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What works in childhood education and how are we going to pay for it?

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Editor's note:

The following is a summary of a private roundtable discussion, and thus opinions are provided without attribution.

On May 24, the Brookings Center on Children and Families hosted a private roundtable with policymakers, researchers, and think tank experts to discuss the state of research on early childhood education, its short- and long-term impacts on student outcomes, and relevant policy questions including cost, teacher training, and more. The roundtable was framed by findings in a new report by Isabel Sawhill and Morgan Welch which reviewed the literature on early childhood education and provided insight into long-term impacts using data from the Social Genome Model.

Read a short summary of key points from the discussion below and read the full report here.

We need to update research on what works and what doesn’t work.

Discussion from the first panel of the roundtable highlighted that much of the research on early childhood education is in need of an update, a point that the Sawhill and Welch report made in two particular ways. First, much of the seminal research on the impact of early childhood education has been on small, well-funded programs, not national programs for the general public. Second, the data in many important pre-school studies is dated, having been done in a time with a very different set of social and economic circumstances, for example lower levels of educational attainment among mothers. In short, panelists agreed many of these early studies provide little guidance about what policies and practices would be most effective today.

Furthermore, panelists and the Sawhill/Welch report also noted that studies of more recent programs show more mixed results, and it isn’t clear why. For example, one panelist pointed out that “fade out” and “bounceback” effects are largely unexplained: Studies show large effects on outcomes as measured by tests at kindergarten entry, but then by 3rd grade there is little or no difference between those who attended a pre-school program and those who didn’t (“fade out”). Meanwhile other studies show benefits such as higher high school graduation and college attendance, for pre-K attendees (“bounceback”). This conflicting information about short- and long-term impacts presents significant challenges for policy decisions that need to be made urgently, the panelists agreed.

Investing in early childhood education is expensive for parents and the government

A key consideration for both parents and policymakers that came out of the panel discussion was related to the cost of early care. As Sawhill and Welch noted, studies that showed success of pre-K programs were often small, intensive, and very well-funded. In the opening panel of the roundtable, it was noted that many families are highly price sensitive and often cannot afford the highest quality care for their children.  Panelists discussed the merits of two approaches for child care cost subsidies: which could be universal (available to all students, regardless of income level) or targeted (only available based on demographic or financial criteria). While studies have shown universal programs to be more effective overall, targeted programs are more cost effective for the government to provide. In either case, as one presenter noted, “Access to Pre-K without quality is not real access”—that is, whether targeted or universal, pre-K programs must use high quality curricula and employ effective teachers in order for children to benefit.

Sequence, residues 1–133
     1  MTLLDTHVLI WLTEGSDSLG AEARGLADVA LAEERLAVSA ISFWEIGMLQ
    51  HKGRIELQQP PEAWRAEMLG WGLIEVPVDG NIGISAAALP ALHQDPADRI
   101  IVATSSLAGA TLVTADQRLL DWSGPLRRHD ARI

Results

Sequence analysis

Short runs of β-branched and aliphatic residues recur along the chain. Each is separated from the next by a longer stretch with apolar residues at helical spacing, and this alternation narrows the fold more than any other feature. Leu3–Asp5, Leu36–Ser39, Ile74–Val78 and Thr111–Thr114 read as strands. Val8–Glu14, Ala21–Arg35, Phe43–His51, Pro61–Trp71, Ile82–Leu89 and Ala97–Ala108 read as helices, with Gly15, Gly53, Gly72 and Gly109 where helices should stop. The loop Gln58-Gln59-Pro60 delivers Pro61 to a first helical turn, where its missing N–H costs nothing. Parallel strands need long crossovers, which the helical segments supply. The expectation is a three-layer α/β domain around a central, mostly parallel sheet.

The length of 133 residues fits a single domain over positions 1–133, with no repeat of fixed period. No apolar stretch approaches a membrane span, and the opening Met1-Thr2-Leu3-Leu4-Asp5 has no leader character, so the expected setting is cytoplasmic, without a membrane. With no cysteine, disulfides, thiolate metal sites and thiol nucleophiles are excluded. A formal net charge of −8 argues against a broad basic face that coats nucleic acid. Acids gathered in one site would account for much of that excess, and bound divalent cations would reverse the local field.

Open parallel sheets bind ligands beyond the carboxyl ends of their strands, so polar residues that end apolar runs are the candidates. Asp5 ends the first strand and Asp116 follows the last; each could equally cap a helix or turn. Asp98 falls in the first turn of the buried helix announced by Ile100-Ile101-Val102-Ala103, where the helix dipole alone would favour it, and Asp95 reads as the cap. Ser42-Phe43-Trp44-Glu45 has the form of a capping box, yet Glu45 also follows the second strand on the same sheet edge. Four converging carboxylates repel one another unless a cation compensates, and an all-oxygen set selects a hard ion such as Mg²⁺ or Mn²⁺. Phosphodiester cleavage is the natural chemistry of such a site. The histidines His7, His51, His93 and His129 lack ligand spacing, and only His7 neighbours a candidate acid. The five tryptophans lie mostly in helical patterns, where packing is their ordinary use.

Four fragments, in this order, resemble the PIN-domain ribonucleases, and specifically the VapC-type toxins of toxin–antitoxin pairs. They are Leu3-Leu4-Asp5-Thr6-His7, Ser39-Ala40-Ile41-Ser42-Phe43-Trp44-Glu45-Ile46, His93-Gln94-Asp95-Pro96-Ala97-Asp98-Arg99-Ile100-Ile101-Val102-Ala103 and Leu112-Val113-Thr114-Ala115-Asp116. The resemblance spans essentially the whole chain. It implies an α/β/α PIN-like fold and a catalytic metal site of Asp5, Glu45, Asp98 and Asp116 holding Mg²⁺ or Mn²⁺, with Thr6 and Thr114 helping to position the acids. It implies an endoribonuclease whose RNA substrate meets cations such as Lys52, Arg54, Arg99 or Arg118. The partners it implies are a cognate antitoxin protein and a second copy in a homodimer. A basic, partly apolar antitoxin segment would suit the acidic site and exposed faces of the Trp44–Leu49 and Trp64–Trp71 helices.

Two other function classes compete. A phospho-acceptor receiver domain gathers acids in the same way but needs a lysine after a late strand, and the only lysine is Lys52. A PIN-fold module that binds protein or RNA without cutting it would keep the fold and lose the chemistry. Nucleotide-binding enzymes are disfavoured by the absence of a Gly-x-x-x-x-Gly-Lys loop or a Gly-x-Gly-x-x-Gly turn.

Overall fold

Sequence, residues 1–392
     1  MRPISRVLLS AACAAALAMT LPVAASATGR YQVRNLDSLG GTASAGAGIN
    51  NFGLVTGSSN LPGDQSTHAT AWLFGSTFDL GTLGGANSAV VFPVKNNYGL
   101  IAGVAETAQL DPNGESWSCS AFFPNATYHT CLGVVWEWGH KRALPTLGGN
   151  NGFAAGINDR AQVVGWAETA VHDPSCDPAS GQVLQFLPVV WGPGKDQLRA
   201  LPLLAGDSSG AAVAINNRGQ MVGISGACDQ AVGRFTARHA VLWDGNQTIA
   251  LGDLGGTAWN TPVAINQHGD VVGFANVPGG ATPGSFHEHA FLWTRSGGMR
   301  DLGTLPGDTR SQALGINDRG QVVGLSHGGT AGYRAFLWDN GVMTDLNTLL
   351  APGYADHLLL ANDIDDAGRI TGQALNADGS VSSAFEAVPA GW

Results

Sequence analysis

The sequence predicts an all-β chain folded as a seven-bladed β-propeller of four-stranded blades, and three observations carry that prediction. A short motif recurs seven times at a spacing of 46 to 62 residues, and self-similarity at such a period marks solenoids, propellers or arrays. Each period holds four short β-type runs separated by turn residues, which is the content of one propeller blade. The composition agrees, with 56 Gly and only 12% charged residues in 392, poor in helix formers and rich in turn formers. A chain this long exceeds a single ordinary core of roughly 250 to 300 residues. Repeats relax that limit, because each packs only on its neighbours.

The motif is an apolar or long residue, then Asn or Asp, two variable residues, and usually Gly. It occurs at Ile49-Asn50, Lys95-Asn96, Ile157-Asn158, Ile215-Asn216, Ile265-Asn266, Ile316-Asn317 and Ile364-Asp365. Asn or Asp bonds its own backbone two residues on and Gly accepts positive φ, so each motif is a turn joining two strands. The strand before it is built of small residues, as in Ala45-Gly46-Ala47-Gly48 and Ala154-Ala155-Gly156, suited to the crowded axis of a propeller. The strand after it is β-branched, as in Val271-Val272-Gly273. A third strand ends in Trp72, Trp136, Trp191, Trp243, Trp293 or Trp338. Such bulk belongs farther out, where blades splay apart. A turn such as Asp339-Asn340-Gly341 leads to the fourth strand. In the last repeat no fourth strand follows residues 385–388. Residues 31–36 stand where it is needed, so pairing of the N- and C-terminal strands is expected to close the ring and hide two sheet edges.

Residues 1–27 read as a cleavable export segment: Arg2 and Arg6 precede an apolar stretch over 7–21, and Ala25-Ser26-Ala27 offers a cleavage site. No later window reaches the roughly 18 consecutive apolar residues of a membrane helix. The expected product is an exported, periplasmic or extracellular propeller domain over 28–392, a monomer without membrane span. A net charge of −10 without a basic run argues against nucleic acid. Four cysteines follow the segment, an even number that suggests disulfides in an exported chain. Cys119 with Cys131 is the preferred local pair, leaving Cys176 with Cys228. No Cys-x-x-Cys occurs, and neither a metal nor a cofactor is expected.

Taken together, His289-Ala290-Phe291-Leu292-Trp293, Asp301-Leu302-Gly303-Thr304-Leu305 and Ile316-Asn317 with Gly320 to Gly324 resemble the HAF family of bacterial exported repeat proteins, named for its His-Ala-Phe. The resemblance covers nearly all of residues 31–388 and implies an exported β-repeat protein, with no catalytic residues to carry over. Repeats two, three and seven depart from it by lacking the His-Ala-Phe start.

Importantly, on the point of costs, one participant noted that recent calls by pre-K teachers for pay and educational equity with K-12 teachers would likely help drive improvements in quality and teacher retainment, but this would require large investments to both attract more people into the profession and to provide training for current teachers. And investing in pre-K alone isn’t enough: Panelists noted that, to achieve the maximum benefits from pre-K, the U.S. also needs to make sustained investments after the early childhood period (i.e., in K-12 education as well) because early investments have more payoff if they are supplemented with later investments (“dynamic complementarity”). Such investments could have a significant return explained one panelist, and in time they could pay for themselves in the form of increased lifetime earnings for students and thus higher tax revenue for governments.

The Brookings Institution is financed through the support of a diverse array of foundations, corporations, governments, individuals, as well as an endowment. A list of donors can be found in our annual reports published online here. The findings, interpretations, and conclusions in this report are solely those of its author(s) and are not influenced by any donation.

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